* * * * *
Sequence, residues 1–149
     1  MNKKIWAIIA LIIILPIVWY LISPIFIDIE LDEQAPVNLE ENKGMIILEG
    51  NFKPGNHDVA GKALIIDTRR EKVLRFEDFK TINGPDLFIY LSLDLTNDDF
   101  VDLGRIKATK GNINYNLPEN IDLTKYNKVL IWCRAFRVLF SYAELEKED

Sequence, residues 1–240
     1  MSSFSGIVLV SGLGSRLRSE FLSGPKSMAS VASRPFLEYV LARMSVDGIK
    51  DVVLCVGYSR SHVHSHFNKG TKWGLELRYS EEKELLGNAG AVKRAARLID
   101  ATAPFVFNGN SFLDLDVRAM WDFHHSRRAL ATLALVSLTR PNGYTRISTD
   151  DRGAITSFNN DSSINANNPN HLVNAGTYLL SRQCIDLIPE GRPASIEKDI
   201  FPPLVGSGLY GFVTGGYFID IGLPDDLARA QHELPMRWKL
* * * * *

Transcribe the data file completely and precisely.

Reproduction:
Sequence, residues 1–149
     1  MNKKIWAIIA LIIILPIVWY LISPIFIDIE LDEQAPVNLE ENKGMIILEG
    51  NFKPGNHDVA GKALIIDTRR EKVLRFEDFK TINGPDLFIY LSLDLTNDDF
   101  VDLGRIKATK GNINYNLPEN IDLTKYNKVL IWCRAFRVLF SYAELEKED

Sequence, residues 1–240
     1  MSSFSGIVLV SGLGSRLRSE FLSGPKSMAS VASRPFLEYV LARMSVDGIK
    51  DVVLCVGYSR SHVHSHFNKG TKWGLELRYS EEKELLGNAG AVKRAARLID
   101  ATAPFVFNGN SFLDLDVRAM WDFHHSRRAL ATLALVSLTR PNGYTRISTD
   151  DRGAITSFNN DSSINANNPN HLVNAGTYLL SRQCIDLIPE GRPASIEKDI
   201  FPPLVGSGLY GFVTGGYFID IGLPDDLARA QHELPMRWKL